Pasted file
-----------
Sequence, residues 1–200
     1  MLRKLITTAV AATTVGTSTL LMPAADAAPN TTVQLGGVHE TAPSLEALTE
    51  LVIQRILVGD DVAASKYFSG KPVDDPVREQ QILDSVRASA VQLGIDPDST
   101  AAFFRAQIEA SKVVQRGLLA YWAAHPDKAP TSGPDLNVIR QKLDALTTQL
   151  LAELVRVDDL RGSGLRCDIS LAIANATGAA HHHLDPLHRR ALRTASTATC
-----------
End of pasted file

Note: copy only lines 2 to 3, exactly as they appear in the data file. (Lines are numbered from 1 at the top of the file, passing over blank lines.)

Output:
     1  MLRKLITTAV AATTVGTSTL LMPAADAAPN TTVQLGGVHE TAPSLEALTE
    51  LVIQRILVGD DVAASKYFSG KPVDDPVREQ QILDSVRASA VQLGIDPDST